The Helicopter FTO?

Helicopter-Parent1

Some of the reader comments, both here and on our Facebook page, regarding the recent officer involved shooting in Arlington, TX have tried to place an undue amount of blame on the Field Training Officer (FTO), Cpl. Wiggins, who was training Officer Miller.  I don’t know how long the training program is for Arlington PD, or when Officer Miller started it, but all accounts say that Officer Miller had been hired in September 2014 and was nearing the end of his field training.

I was an FTO for a number of years, and I still fill in that role from time to time when FTO’s take time off and their trainees need someone to ride with, so I do have a little personal knowledge on the subject matter.

Here are a few things to consider when we are talking about this subject.  By the time a trainee reaches field training, they have met certain requirements.

  1. They are over the age of 18 (21 in some states) and are legally an adult
  2. They have completed a full police academy and are, legally speaking, a full peace officer
  3. They have passed the background check and are presumably not a convicted criminal
  4. They have passed a psychological exam and are presumably not a psychotic nut job
  5. They found the station, their locker, the briefing room and their FTO, so they can apparently follow simple instructions

Considering all of the above, it is reasonable to assume that a person in training, even a fresh trainee right out of the academy, can follow simple directions.  As trainees continue through the program, and especially as they near the end of their training, it becomes reasonable to assume that they can handle more complex tasks without immediate supervision.  To remotely suggest that an FTO has to keep their trainee under constant supervision, and is responsible for their every action, is insane.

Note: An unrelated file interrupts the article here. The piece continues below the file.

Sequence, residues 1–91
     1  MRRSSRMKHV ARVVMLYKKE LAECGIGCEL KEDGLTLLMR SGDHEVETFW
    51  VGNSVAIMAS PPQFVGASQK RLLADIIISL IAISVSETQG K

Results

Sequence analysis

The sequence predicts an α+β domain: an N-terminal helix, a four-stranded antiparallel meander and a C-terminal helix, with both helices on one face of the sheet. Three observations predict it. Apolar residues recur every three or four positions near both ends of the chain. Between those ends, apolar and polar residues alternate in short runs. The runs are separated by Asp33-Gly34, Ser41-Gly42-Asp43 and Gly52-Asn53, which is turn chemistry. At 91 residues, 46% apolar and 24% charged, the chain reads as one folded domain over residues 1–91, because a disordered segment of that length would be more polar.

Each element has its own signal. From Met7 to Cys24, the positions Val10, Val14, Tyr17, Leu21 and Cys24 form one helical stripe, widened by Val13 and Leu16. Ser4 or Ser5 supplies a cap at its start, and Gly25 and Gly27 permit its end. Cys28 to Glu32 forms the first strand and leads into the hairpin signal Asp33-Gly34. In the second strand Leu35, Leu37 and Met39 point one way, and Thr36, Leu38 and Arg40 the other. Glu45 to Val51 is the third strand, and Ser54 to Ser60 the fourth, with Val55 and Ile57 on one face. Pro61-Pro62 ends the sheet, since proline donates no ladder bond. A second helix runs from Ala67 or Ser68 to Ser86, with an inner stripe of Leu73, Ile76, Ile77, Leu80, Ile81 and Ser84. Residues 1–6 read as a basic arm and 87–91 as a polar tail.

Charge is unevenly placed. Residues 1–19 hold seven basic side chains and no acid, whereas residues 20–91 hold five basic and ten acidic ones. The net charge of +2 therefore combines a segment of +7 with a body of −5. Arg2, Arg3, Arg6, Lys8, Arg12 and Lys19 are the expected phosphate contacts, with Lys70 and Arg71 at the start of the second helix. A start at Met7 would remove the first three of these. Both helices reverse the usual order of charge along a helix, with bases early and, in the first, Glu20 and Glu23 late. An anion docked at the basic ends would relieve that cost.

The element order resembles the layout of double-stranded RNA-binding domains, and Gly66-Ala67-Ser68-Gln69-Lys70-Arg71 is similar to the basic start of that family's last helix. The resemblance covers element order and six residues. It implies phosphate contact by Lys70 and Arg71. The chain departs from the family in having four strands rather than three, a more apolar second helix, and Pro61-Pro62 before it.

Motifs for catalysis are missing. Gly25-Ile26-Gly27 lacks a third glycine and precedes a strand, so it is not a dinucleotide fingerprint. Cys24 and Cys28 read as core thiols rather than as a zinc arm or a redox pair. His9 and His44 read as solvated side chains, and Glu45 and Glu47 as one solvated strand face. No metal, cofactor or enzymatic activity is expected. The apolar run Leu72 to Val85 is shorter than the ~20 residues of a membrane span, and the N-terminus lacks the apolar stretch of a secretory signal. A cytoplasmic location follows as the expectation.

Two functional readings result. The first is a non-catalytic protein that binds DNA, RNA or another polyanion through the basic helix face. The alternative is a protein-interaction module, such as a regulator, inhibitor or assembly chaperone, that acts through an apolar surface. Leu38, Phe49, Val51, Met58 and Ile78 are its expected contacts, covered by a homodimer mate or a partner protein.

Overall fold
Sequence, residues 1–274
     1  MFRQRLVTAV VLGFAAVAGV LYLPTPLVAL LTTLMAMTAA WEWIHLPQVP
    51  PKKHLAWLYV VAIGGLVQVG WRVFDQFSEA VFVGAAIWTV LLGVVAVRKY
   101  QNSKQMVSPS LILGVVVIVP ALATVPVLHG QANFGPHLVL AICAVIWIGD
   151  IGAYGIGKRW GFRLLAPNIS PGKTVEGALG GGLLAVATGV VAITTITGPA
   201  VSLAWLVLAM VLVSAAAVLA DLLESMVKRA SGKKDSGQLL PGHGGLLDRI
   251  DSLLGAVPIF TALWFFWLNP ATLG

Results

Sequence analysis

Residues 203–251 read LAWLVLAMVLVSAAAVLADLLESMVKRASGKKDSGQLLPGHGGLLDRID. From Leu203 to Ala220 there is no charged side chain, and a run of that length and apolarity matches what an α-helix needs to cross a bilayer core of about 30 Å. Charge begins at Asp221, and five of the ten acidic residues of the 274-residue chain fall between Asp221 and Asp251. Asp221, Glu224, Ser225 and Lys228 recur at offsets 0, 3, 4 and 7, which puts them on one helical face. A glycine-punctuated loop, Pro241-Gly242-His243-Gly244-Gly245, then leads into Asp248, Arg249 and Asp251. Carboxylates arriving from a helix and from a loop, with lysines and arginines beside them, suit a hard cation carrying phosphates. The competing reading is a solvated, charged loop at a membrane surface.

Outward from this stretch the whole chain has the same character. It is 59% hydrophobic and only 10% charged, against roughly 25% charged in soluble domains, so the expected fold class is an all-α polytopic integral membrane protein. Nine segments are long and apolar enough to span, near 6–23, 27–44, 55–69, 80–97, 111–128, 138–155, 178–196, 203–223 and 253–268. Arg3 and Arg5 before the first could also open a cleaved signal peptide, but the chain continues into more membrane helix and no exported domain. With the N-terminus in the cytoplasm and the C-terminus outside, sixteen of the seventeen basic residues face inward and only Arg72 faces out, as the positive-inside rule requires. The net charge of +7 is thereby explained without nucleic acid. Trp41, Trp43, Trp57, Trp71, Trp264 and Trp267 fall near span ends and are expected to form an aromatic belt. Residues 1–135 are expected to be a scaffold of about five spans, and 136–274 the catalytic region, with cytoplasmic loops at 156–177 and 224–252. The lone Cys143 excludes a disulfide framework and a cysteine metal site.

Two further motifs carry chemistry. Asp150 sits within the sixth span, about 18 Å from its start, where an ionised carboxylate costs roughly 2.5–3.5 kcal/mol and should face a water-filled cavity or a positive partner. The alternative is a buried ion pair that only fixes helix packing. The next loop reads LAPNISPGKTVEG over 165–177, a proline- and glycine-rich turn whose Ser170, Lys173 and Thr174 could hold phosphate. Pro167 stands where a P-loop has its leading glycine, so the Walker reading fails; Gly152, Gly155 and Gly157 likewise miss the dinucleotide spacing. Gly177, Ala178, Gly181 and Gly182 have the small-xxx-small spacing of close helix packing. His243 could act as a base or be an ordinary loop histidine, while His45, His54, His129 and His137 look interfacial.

Here are some examples of common tasks given to trainees on a daily basis, which are often times completed without any supervision whatsoever.

  • “Go over there and take that person’s statement.”
  • “Go stuff this bad guy in the back seat.”
  • “Book this evidence.”
  • “Snatch that guy up and cuff him.”
  • “Fill out the booking paperwork for the arrest.”
  • “Go over to that side of the building and establish a perimeter spot.”

Some of the comments, some even made my people purporting to be field training officers (FTO) themselves, saying that the FTO was at fault because he allowed his trainee to leave his side, or that he screwed up because he was not constantly monitoring his trainee, made me remember a term about parents that don’t give their kids any room to make mistakes, to learn on their own:  Helicopter Parents

Their comments make me want to coin a new term: the Helicopter FTO

I thank God that I did not have any Helicopter FTOs as I went through the training program, although to be honest, I can think of a few I have known over the years.  Not surprisingly, they were the FTO the trainees did not want to get.  Trainees cannot learn when they are under constant, microscopic supervision.  No one can.  That is not how adults learn, and a patrol trainee is an adult.